How to Decrease White Blood Count

There are three types of blood cells in your body. They are platelets, red blood cells (RBC) and white blood cells (WBC). These cells travel through your arteries and veins. When you’re sick, for instance with an infection, your body increases these WBCs to fight infections. In addition, once they fight off infections the lymphocytes remember how to ward off the same infection again, according to Kids Health 3. So, these cells are an important part of your immune system. WBCs create the spongy, soft tissue inside your bones, called bone marrow. When your WBCs reach higher than 10,500 white blood cells, or leukocytes, per microliter of blood then your count is consider high, according to the Mayo Clinic and indicates that something is wrong 2.

Is This an Emergency?

If you are experiencing serious medical symptoms, seek emergency treatment immediately.

Decrease White Blood Count

Know the causes. Higher than normal WBCs typically means that there’s an underlying problem. Some causes can be inflammation or infections. In addition, your body may be fighting bone marrow diseases like leukemia. Medication such as epinephrine and corticosteroids can cause a high WBC count. Other causes are measles, allergic reactions, rheumatoid arthritis and stress, according to the Mayo Clinic 2.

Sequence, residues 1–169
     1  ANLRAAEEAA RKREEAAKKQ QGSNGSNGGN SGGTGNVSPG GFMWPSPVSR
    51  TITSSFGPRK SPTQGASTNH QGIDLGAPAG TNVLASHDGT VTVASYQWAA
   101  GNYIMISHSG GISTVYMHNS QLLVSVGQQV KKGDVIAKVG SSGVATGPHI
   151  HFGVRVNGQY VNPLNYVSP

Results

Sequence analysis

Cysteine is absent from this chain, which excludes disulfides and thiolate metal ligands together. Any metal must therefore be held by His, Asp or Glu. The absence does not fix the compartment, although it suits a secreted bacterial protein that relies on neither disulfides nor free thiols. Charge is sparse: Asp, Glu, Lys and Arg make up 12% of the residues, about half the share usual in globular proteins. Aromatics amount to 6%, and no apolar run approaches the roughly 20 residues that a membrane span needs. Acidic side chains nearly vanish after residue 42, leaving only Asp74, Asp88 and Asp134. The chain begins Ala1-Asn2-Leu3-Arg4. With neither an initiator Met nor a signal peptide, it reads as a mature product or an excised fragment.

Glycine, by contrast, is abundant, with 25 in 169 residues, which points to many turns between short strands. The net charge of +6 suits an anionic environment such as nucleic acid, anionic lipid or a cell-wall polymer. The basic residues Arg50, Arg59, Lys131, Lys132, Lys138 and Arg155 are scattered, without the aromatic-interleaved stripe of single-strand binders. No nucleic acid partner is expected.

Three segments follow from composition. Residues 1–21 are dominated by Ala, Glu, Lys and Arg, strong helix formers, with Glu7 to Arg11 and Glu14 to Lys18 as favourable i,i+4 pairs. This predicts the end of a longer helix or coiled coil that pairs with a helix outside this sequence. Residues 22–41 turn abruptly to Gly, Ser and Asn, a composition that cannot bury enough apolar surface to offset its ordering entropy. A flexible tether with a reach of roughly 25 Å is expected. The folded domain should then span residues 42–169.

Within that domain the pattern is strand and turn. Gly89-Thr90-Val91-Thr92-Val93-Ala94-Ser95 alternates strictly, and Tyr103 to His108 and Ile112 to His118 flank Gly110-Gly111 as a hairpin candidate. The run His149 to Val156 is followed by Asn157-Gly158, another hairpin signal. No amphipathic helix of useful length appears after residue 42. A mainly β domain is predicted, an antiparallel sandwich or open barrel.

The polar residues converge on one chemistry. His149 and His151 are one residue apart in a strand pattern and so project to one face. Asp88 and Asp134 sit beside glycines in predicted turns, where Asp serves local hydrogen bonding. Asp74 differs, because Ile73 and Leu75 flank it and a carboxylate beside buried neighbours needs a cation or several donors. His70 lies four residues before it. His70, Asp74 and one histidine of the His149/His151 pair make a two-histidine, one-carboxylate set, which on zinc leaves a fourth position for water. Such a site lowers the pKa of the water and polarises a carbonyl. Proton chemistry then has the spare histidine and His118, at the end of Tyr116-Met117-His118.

Undergo treatment. For instance, if you suffer from leukemia, you could undergo consolidation and induction therapy. Both therapies destroy your leukemia cells. However, induction therapy is aimed at your blood and bone marrow and consolidation therapy is targeted at your spinal cord and brain. If you undergo leukapheresis, your blood is removed via an IV then transfused back into you without your WBCs to lower your cell count, according to Drugs Information Online 1.

Use medications. According to Drugs Information Online, your doctor can prescribe medication which decreases your WBC count 1. For example, steroid medication is available to decrease your WBCs and any inflammation in your body. Or your doctor can prescribe antibiotics. These antibiotics can help you avoid developing sepsis, a blood infection, treat and prevent the infections causing your high WBC count.


Prolonged high WBCs can cause stroke, heart attacks or organ failure, according to Drugs Information Online.